Sons of Confederate Veterans
Columbia, Tenn.

Since its founding in 1896, the Sons of Confederate Veterans (SCV) has restricted its membership to direct male descendants of Confederate veterans of the Civil War. The SCV has long claimed to be interested only in Civil War remembrance, and in fact passed an official resolution condemning hate groups in 1990.

Still, it has also had, and still does have, a number of prominent members with white supremacist leanings. In 1996, Peter W. Orlebeke, the SCV's then-leader, said that slavery could be defended biblically, and wasn't really so bad: "[T]here have been times that I wish someone had said to me, 'I'll give you a job for the rest of your life.' " Today, although there are divisions within the SCV, its publications have clearly become more strident.

The April issue of Alabama Confederate, for instance, included articles by key members of the League of the South, along with a condemnation of Lincoln's Emancipation Proclamation as unconstitutional.

Prominent SCV members include Michael Andrew Grissom, author of Southern by the Grace of God and a member of two white supremacist groups, the League of the South and the Council of Conservative Citizens; Donald and Walter Kennedy, charter League members; Jared Taylor, editor of the racist American Renaissance magazine; and Kirk Lyons, a long-time white supremacist lawyer.

Asked about Lyons, SCV Commander-in-Chief Patrick J. Griffin told the Intelligence Report: "If Kirk has become controversial outside of the SCV, I would just view that as part of his personal life." The League has lauded the apparent change in SCV attitudes, saying in 1998 that the SCV "old guard" was on its way out and "the organization appears to be ready to work with us as a fellow pro-South group."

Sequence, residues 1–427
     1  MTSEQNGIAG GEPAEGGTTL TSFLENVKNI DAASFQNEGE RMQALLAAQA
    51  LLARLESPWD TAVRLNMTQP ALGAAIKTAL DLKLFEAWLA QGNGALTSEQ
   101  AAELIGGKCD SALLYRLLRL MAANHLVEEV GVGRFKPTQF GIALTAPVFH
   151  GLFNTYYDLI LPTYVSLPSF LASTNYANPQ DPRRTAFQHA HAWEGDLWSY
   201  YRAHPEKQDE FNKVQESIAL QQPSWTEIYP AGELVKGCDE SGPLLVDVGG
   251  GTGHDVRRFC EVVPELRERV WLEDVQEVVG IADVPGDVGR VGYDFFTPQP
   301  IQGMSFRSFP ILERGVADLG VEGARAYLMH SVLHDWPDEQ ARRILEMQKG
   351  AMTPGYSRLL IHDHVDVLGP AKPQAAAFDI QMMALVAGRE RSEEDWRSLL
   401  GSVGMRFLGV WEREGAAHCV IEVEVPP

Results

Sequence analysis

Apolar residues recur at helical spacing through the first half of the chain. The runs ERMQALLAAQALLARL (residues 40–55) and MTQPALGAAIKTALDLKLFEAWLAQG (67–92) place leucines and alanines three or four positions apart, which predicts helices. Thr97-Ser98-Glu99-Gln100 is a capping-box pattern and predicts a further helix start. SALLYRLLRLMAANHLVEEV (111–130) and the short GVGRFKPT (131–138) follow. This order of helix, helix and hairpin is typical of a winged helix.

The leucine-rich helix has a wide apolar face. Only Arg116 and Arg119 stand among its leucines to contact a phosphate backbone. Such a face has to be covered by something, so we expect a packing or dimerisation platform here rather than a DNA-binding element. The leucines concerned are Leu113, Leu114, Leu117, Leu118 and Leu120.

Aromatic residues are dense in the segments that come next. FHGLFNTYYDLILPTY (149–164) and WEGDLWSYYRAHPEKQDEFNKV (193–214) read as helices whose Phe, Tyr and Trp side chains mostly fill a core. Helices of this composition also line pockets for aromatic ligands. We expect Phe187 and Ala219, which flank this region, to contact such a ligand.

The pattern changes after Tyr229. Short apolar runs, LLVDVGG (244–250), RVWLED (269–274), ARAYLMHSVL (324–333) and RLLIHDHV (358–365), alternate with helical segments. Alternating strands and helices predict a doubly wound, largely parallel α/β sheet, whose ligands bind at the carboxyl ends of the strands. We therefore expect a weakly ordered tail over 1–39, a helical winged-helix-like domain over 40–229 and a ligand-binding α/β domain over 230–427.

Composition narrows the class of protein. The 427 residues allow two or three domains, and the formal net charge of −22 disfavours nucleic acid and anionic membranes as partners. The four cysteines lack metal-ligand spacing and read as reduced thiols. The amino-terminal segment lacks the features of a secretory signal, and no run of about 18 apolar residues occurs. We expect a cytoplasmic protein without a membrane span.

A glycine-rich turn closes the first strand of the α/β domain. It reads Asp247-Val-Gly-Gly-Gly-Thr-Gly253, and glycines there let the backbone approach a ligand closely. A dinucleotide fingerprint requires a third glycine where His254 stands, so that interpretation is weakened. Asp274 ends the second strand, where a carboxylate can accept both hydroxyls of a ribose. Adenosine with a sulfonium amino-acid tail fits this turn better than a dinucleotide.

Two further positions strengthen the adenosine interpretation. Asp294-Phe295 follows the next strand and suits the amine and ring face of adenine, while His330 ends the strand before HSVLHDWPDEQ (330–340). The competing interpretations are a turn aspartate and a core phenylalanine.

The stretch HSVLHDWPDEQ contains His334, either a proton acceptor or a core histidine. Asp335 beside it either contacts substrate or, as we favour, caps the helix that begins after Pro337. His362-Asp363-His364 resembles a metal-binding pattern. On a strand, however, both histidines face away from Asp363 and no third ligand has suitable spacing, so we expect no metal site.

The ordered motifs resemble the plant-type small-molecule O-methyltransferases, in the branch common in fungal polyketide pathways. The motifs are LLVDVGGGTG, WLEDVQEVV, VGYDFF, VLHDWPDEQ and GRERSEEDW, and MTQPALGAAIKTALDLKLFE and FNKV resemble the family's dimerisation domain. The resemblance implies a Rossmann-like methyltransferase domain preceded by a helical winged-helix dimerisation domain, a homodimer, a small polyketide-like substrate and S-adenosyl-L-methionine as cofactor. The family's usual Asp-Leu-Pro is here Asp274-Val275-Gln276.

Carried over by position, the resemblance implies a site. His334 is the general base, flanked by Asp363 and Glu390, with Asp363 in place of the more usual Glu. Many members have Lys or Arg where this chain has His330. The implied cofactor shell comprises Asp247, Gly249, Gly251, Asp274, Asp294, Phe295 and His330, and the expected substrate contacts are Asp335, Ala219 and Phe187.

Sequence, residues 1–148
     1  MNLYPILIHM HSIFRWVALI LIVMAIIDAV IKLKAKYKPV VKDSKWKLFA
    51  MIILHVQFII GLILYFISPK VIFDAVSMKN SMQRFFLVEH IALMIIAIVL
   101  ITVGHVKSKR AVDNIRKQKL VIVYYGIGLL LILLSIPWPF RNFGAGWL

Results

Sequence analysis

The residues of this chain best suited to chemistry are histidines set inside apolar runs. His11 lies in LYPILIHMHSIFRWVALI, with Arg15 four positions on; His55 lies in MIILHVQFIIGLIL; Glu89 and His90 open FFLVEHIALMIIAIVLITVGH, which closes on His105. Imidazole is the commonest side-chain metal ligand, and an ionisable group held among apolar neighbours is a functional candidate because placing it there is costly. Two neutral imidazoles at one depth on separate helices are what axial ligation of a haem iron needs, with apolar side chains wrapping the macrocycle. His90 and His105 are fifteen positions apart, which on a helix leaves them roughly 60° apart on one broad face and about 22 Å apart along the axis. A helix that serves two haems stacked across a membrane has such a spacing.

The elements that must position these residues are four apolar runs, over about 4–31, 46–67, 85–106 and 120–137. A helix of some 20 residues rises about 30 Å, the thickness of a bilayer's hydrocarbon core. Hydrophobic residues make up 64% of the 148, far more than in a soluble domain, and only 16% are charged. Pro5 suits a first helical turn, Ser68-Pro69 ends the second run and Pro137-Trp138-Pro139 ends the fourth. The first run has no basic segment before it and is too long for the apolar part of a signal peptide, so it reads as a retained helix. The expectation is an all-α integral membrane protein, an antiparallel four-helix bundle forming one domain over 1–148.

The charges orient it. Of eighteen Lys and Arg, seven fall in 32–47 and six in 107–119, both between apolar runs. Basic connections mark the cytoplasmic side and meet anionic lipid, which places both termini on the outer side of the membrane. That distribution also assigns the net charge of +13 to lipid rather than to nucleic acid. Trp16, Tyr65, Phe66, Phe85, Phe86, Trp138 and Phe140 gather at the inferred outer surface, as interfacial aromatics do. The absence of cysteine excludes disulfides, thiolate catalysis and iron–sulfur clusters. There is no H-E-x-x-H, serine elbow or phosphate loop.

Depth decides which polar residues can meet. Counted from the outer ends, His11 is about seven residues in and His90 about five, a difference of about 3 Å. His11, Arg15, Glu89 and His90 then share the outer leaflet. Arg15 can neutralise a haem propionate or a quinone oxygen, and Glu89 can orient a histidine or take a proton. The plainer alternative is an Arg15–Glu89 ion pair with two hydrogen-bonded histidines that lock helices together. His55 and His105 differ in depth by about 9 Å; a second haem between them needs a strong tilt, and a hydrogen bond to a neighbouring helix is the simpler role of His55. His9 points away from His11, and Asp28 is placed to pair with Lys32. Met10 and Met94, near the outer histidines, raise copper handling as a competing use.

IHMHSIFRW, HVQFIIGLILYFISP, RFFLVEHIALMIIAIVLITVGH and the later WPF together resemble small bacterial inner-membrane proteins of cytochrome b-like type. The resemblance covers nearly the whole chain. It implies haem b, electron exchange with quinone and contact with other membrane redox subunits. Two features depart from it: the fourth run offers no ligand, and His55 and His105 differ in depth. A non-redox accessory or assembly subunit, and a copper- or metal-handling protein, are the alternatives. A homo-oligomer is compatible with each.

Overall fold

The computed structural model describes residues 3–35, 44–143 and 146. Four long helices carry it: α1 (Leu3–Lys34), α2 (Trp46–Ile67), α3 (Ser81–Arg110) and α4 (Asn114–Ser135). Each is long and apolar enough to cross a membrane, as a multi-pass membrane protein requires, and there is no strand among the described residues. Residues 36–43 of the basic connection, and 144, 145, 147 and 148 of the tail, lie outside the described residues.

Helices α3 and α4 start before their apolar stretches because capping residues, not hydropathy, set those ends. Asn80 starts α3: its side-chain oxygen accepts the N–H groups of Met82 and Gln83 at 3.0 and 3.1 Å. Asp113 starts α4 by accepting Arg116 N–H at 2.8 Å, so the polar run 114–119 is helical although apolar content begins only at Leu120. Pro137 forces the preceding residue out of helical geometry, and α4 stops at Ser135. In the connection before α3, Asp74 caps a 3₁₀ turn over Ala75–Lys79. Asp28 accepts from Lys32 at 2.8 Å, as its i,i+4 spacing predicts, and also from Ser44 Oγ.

Southern Legal Resource Center
Black Mountain, N.C.

The Southern Legal Resource Center (SLRC), whose "chief trial counsel" is white supremacist Kirk Lyons, has in effect become the legal arm of the neo-Confederate movement.

Billing itself as a defender against "heritage violations" — attacks on the culture and symbols of the old South — the SLRC formed in 1996 with the same office, phone number and many of the personnel of Lyons' predecessor group, the racist CAUSE foundation.

When the SLRC was created, the League of the South exulted, "Dixie's answer to the ACLU has now formed!" Today, the League still solicits contributions for the nonprofit SLRC.

The executive director of the SLRC is Lourie A. Salley III, a member of the speaker's bureau of the League's South Carolina chapter (that chapter's Web site describes Salley as a specialist on the legal and constitutional grounds for partition of the United States).

The SLRC is mainly run by Lyons and his brother-in-law Neill Payne, and it has handled a number of cases involving the Confederate battle flag. But controversy has dogged the SLRC in Oklahoma and Georgia because of Lyons' extremist background.

The SLRC has worked closely with the League, the Heritage Preservation Association, the Sons of Confederate Veterans and an array of other Confederate flag defenders.

Southern Military Institute
Madison, Ala.

Under the direction of Michael J. Guthrie, the Southern Military Institute (SMI) is a proposed four-year, all-male college that has an office and Web site but is still in the planning and fundraising stages.

Guthrie, a member of the racist League of the South and a frequent speaker at neo-Confederate events, was a featured speaker at a December gathering of the white supremacist Council of Conservative Citizens in Huntsville, Ala., where he asked for financial support.